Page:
Drugs used in the prevention of atherosclerosis
Various drugs are used to reduce plasma lipids. These include the statins such as simvastatin, the fibrates (for example bezafibrate), nicotinic acid, ezetimibe and bile acid sequestrants such as colestyramine.
The statins are the first line treatment. They hinder cholesterol synthesis by inhibiting the enzyme 3-hydroxy-3 methylglutaryl coenzyme A. Statins are of interest to dentists as they can interfere with some drugs that may be used in the management of oral diseases. Myopathy is a side effect of the statins and the chances of this are increased if erythromycin is given to patients taking atorvastatin or simvastatin. Similarly, the antifungal agents ketoconazole and miconazole increase the risk of myopathy in individuals taking simvastatin.
Consequences of atherosclerosis
Atherosclerosis has its main effects on medium to large calibre arteries and is most commonly present in areas of haemodynamic stress, e.g. at arterial bifurcations. The arteries most commonly affected are:
- Coronary arteries
- Cerebral arteries
- Mesenteric arteries
- Iliac and femoral arteries.
The consequences are rather distinct for each named conduit, and the clinical features are dependent on the regions that the blood vessels perfuse. In addition, the precise clinical syndrome depends upon whether the atheroma causes reduction of flow to the organ or tissue or completely occludes the vessel. For example, atherosclerosis of the coronary arteries will cause angina, whereas thrombosis may cause myocardial infarction. Thrombosis over plaques in the vessels at the base of the brain can cause cerebral infarction (stroke).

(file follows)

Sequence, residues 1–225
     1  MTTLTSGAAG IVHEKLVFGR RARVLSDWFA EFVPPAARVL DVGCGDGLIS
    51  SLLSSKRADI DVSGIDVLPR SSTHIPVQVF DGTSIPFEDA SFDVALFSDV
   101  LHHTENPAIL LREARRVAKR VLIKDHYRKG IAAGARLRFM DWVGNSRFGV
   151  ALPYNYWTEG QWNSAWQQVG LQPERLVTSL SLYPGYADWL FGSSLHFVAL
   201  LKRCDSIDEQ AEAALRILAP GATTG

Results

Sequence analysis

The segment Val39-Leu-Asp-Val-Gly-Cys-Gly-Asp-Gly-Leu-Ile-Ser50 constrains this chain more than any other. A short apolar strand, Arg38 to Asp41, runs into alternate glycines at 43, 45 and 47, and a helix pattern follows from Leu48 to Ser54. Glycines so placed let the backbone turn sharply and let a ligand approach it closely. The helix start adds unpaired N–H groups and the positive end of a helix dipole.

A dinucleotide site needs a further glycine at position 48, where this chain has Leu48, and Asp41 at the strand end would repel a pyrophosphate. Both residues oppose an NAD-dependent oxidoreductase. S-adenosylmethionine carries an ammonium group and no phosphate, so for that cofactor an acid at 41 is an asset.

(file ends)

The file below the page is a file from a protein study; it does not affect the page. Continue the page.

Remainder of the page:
Thrombosis over atheroma within the aorta can sometimes cause symptoms associated with systemic embolism, but the more common clinical syndrome associated with disease at this site is the abdominal aortic aneurysm. Thrombosis over plaques in the mesenteric vessels may produce small bowel infarction, rupture and subsequent peritonitis. Atheroma of the iliac and femoral vessels causes intermittent claudication (leg pain and weakness brought on by walking) and, when thrombosis develops, gangrene of the lower extremities.
An aneurysm is a localised permanent abnormal dilatation of a blood vessel due to weakening of the blood vessel wall. The most common aneurysms are those that develop as a consequence of atheroma. Atherosclerotic aneurysms form either at the arch of the aorta, the thoracic aorta or within the abdominal aorta just above the bifurcation of the iliac arteries. The last is the most frequent occurrence and presents with a pulsatile abdominal mass and sometimes lower limb ischaemia. There is also the risk that the aneurysm may rupture and cause a torrential and often fatal retroperitoneal bleed.
The berry aneurysm affects the circle of Willis at the base of the brain. The aneurysm is a small, saccular dilatation that develops at points of branching on the circle of Willis. They typically develop in young hypertensive individuals who have a defect of the muscular wall of the arteries that comprise the circle of Willis. These defects cause areas of weakness, which predisposes to aneurysm formation. Rupture of a berry aneurysm causes subarachnoid haemorrhage.
Other aneurysms are caused by infection such as fungi (mycotic) and syphilitic. Mycotic aneurysms are a consequence of localised infection of an arterial wall. One well recognised source of infection is the embolic material produced during infective endocarditis, which can produce a mycotic aneurysm at the site of impaction, e.g. the cerebral vessels. Rupture of the latter results in cerebral haemorrhage. The syphilitic aneurysm, as the name suggests, is a consequence of chronic infection with Treponema pallidum. The most common site for the syphilitic aneurysm is the root of the aorta where classically aortic ring dilatation and valve incompetence develops. Although commonly recognised in the past, it is now an exceptionally uncommon disease in western society.
Microaneurysms form within capillaries and typically affect cerebral and retinal capillaries. Cerebral micro-aneurysms are usually seen in hypertensive patients, and retinal microaneurysms in diabetics.